The standard assertion by feminists that only 2 percent of rape claims are false, which traces to Susan Brownmiller’s 1975 book Against Our Will, is without empirical foundation and belied by a wealth of empirical data. These data suggest that at least 9 percent and probably closer to half of all rape claims are false:
  1. FBI statistics say conservatively that about 9 percent of rape reports are “unfounded” in the sense of being dismissed without charges filed, usually because the accuser recants or because her account is contradicted by other evidence.
  2. Forty-one percent of 109 rape complainants eventually admitted to police that no rape had occurred, according to a careful, highly regarded 1994 study of all rape reports in a midwestern town of about 70,000 between 1978 and 1987, by Purdue sociologist Eugene J. Kanin, Ph. D. The recantations made irrelevant the claims of many feminists that police often discount valid rape claims. And because there is no reason to suppose that all false accusers recanted, the total number of false reports probably exceeded 41 percent. The police in the study made serious efforts to polygraph both the accused and the accuser; it is now much more rare for police to polygraph rape accusers, due to pressure from feminist and victims’ rights groups more interested in convictions than in truth.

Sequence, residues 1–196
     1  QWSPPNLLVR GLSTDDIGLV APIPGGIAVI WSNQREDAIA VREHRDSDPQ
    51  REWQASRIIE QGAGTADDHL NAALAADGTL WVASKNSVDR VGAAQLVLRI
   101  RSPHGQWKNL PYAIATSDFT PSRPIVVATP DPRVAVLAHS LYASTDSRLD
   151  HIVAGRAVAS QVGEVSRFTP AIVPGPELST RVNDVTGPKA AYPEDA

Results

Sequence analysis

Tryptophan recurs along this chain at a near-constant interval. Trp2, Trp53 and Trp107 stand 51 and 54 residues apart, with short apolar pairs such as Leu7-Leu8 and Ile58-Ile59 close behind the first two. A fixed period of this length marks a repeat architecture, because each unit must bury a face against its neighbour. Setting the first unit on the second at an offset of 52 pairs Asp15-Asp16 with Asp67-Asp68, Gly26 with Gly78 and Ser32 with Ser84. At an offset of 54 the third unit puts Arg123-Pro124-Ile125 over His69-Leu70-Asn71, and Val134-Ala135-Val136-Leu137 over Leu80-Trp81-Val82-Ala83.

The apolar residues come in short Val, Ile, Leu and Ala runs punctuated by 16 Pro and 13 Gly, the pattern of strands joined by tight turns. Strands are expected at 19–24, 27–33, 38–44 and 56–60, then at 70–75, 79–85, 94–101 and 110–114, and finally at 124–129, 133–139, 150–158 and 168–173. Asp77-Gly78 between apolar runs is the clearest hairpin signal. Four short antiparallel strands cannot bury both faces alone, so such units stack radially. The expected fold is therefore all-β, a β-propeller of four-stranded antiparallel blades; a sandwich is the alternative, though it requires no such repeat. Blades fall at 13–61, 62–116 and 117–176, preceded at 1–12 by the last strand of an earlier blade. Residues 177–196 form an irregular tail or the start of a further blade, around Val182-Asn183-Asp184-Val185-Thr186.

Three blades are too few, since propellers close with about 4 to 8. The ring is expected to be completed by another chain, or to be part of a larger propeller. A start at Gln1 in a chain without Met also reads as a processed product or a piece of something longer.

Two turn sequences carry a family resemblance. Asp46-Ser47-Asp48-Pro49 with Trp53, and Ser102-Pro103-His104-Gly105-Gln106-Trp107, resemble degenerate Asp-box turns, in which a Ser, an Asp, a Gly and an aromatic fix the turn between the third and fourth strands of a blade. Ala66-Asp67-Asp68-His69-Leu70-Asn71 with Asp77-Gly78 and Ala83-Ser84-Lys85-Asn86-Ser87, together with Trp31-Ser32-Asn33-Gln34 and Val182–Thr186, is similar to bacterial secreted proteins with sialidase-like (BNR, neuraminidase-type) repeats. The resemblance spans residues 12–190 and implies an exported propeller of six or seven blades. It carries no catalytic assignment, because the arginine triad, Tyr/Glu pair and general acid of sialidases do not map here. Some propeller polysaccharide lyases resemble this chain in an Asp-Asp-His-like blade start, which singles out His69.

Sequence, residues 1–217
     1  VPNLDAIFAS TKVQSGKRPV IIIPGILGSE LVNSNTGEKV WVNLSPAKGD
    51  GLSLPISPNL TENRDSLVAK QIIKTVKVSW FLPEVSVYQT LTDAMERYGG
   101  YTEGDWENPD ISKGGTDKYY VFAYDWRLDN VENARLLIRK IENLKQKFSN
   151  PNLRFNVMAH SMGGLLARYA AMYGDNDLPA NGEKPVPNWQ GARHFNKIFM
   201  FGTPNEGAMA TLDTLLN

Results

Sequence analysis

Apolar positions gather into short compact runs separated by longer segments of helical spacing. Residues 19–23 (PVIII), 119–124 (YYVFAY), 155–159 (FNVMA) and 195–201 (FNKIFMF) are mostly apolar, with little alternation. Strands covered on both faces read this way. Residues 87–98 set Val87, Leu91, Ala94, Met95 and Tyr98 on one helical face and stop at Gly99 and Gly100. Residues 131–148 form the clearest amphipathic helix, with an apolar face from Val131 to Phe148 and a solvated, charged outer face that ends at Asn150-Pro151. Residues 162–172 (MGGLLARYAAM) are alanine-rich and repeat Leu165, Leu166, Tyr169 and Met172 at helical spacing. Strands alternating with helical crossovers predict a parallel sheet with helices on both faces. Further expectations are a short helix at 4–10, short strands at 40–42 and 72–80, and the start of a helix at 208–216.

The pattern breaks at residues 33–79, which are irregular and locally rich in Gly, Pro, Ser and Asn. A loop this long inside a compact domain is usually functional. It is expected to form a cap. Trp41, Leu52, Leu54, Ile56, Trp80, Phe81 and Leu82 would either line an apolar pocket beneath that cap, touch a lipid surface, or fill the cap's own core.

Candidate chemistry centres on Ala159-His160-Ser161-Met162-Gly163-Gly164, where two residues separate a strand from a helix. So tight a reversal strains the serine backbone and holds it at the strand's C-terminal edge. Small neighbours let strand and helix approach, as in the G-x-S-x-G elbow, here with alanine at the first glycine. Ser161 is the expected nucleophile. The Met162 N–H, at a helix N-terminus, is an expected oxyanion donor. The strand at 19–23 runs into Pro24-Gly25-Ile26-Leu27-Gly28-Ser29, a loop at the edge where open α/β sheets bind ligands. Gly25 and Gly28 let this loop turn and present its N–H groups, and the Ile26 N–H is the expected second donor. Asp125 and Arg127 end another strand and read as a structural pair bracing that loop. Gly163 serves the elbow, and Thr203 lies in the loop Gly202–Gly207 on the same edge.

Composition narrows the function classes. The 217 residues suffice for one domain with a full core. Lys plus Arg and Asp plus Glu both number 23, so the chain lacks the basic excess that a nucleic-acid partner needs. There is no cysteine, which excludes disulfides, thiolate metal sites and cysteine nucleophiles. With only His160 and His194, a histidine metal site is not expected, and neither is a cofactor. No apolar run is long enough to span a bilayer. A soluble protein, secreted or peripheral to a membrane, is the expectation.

Kanin also concluded that “these false charges were able to serve three major functions for the complainants: providing an alibi, a means of gaining revenge, and a platform for seeking attention/sympathy. This tripartite model resulted from the complainants’ own verbalizations during recantation and does not constitute conjecture.” Other experts note other motives for false rape claims; they include remorse after an impulsive sexual fling and escaping accountability when caught in an embarrassing consensual encounter.
  3. Fifty percent (32) of accusers recanted their rape charges in a study by Kanin of campus police reports on sixty four rape claims at two large, unnamed Midwestern universities. In both universities, the taking of the complaint and the follow-up investigation were done by a ranking female officer. “Quite unexpectedly then” Kanin wrote, “we find that these university women, when filing a rape complaint, were as likely to file a false as a valid charge. Other reports from university police agencies support these findings.”